This Year’s TDM Excellence award winner for higher education is Stanford University. Stanford University is a shining example for how TDM can be done, successfully reducing peak-hour and drive-alone commutes at their main campus and its Stanford Redwood City campus.
The percentage of Stanford employees and commuting students who drove alone to the main campus dropped from 67% in 2003 to 41% in 2019. Following the post-pandemic return to campus in 2021, that percentage was further reduced to 39%. These are dramatic reductions, only achievable when an organization embraces a full menu of TDM strategies to ensure all people can travel without a vehicle no matter where they live and the resources, they have available to them.
This started in 2002, when Stanford expanded its TDM program to meet peak-trip reduction goals outlined in its 2000 General Use Permit. In addition to reducing peak-hour trips, the program aimed to reduce university-related traffic emissions, congestion, and parking demand. Stanford has met and plans to continue to meet its "No Net New Commute Trips" commitment.
Among the TDM programs that enable Stanford Transportation to achieve these goals are Stanford's free Marguerite shuttle ridership, with 41 all-electric buses in its fleet, is on track to serve 1.3 million passengers in 2022.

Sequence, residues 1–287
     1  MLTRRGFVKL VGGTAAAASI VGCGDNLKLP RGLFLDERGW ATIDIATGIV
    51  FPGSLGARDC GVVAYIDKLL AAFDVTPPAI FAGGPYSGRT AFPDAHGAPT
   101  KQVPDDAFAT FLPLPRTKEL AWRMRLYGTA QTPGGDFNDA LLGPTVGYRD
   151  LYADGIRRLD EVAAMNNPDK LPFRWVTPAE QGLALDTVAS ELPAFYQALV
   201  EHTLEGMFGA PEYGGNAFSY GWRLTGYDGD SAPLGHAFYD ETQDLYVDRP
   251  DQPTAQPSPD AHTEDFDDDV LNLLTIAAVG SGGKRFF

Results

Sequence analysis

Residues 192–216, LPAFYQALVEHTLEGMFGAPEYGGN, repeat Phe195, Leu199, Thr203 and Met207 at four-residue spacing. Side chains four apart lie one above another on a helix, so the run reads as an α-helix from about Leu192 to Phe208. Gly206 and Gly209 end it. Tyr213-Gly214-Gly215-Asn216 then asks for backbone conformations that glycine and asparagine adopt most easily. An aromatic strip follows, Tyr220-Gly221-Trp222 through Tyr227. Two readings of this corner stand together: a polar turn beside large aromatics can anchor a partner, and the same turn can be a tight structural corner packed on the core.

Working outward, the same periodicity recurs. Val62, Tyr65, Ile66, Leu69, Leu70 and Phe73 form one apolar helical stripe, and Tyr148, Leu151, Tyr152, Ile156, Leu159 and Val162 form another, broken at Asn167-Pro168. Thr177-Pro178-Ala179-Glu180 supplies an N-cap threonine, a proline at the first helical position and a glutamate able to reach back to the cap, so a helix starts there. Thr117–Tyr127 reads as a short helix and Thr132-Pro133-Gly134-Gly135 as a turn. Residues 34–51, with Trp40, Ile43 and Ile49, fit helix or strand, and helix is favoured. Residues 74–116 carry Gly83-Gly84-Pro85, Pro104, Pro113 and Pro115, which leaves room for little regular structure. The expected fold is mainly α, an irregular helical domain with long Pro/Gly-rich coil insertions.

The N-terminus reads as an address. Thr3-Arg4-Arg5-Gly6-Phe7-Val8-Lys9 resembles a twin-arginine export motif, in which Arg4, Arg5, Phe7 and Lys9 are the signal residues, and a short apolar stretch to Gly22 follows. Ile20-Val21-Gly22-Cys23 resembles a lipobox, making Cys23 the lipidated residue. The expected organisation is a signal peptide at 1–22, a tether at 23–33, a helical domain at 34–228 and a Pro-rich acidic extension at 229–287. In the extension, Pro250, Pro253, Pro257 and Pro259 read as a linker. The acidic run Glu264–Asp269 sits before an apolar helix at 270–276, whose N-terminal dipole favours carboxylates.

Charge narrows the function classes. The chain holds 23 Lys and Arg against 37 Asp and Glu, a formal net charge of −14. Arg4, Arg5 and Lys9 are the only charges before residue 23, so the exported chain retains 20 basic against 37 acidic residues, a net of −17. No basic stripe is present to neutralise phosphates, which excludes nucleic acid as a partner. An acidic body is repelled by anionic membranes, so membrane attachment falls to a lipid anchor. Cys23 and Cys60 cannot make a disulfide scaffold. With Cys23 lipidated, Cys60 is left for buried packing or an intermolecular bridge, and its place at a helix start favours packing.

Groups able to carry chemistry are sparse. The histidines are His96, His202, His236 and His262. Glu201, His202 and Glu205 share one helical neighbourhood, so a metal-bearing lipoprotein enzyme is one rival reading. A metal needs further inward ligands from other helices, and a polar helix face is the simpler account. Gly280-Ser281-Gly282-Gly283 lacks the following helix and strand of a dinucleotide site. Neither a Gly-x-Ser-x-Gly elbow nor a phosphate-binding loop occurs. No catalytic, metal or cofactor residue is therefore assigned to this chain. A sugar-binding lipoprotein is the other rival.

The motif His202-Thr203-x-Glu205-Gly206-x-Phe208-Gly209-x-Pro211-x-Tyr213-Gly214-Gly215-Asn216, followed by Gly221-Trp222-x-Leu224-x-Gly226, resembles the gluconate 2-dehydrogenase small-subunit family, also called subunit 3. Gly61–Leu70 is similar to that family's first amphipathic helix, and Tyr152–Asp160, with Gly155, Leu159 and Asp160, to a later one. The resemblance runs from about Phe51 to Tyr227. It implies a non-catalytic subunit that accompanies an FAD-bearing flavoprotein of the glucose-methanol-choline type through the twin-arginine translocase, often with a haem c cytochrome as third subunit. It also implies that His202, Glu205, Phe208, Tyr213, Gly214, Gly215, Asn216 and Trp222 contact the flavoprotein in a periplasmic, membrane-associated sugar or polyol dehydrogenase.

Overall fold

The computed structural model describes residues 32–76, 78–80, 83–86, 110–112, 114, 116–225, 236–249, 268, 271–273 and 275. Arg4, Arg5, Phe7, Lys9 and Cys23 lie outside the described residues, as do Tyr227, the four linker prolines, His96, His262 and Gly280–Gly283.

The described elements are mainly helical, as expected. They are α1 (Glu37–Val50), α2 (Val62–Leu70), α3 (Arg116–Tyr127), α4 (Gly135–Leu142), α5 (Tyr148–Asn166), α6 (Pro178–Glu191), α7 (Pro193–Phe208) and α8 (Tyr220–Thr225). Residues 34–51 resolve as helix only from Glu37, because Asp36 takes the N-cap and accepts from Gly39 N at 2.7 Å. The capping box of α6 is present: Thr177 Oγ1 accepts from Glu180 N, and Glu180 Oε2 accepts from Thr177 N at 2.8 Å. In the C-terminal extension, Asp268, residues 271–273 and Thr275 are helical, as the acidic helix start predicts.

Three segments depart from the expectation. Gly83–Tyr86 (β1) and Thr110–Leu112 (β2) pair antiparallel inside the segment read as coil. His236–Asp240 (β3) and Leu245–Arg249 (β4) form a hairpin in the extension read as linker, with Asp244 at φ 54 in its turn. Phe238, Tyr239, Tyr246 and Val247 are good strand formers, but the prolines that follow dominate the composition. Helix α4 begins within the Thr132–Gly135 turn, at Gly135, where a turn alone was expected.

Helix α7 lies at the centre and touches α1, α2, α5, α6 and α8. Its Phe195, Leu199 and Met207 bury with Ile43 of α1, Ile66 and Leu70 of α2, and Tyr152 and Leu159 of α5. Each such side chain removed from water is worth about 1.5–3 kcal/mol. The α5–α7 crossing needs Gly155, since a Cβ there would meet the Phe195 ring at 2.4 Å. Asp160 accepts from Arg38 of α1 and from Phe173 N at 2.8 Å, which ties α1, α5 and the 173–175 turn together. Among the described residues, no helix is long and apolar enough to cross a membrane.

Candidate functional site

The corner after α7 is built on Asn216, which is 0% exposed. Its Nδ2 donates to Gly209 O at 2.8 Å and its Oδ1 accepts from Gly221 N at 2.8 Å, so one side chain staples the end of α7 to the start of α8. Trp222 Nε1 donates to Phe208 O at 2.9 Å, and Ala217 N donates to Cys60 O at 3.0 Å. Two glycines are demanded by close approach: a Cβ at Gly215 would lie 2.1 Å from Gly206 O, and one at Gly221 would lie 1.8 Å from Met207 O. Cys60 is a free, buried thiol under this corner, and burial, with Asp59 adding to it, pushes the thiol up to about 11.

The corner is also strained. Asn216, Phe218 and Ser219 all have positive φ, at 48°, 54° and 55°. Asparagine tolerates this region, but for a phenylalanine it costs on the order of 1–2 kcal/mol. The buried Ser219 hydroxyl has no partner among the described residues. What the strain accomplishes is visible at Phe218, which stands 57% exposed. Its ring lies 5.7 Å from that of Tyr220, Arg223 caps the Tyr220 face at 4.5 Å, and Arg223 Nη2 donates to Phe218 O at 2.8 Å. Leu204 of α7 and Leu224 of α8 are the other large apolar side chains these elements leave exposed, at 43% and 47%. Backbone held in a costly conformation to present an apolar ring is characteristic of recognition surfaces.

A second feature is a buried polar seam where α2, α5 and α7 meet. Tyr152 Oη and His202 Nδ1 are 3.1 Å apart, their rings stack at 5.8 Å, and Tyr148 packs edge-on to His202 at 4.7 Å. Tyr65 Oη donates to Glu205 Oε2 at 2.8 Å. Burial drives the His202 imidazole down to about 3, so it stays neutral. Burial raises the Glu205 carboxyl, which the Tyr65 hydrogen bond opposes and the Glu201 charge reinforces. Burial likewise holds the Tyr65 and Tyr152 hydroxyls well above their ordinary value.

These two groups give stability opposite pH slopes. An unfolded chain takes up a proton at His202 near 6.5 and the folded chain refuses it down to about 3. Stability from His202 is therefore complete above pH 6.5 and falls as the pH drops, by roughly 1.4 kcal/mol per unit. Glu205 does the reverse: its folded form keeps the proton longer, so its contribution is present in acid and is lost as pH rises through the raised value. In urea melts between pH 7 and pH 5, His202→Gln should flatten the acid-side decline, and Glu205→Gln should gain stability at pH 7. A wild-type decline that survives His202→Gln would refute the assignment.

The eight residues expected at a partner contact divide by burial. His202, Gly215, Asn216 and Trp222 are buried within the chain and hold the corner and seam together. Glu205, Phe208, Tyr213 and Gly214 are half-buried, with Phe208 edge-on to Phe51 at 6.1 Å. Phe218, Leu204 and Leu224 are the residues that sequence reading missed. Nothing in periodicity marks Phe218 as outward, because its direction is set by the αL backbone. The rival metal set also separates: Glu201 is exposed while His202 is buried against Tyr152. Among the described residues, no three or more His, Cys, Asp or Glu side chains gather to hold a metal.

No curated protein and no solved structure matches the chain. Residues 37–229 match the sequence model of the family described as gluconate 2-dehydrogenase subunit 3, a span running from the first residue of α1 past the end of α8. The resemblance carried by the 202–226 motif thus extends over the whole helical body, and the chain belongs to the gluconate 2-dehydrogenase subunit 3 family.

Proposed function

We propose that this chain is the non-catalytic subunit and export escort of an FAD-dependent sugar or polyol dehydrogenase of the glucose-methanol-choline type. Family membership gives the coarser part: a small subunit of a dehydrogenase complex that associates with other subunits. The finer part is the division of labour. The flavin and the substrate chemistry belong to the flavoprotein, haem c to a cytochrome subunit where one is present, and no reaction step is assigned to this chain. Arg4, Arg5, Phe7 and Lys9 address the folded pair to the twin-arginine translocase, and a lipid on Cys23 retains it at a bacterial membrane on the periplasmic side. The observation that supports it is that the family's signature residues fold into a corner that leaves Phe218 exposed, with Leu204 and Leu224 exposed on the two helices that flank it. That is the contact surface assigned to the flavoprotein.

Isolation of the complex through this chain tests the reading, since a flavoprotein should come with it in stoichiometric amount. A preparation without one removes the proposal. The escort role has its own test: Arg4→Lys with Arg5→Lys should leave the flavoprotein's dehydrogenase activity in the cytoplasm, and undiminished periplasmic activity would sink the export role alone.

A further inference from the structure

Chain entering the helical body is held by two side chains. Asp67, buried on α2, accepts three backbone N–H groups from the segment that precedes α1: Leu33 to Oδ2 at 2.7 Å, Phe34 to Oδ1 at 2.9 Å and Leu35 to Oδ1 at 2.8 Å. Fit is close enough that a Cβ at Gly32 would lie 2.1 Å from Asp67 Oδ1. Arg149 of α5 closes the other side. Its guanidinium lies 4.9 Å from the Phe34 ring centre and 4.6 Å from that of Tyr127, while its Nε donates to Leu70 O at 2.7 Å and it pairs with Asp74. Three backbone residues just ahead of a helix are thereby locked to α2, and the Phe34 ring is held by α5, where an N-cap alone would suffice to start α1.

In 2011, Stanford was the first university to receive the Platinum Bicycle Friendly University designation and is the only university to win three consecutive four-year Platinum awards. 65% of students living on campus use their bikes to traverse campus on a typical day. Among those commuting to campus, more than 35% of students and roughly 10% of employees bike.
Stanford’s free vanpool program offers participants a 100% vehicle subsidy and free parking. Nearly 800 Stanford Health Care and Lucile Packard Children’s Hospital employees currently participate in Stanford’s Commute Club program earning up to $300 a year. The university offers free transit to nearly 55,000 affiliates.
Additionally, while the pandemic presented Stanford Transportation with many challenges, the department positioned itself to respond quickly. It also showed resilience in implementing necessary changes to its programs and services in support of the entire campus community. During the shelter-in-place orders, Stanford installed two bike cages (each with capacity for 50 bikes) and offered over 20 online bike safety webinars for bike enthusiasts.
Stanford continues to be at the forefront of the most comprehensive sustainable transportation offerings. The department’s ability to adapt and pivot quickly makes it even more nimble to demand changes.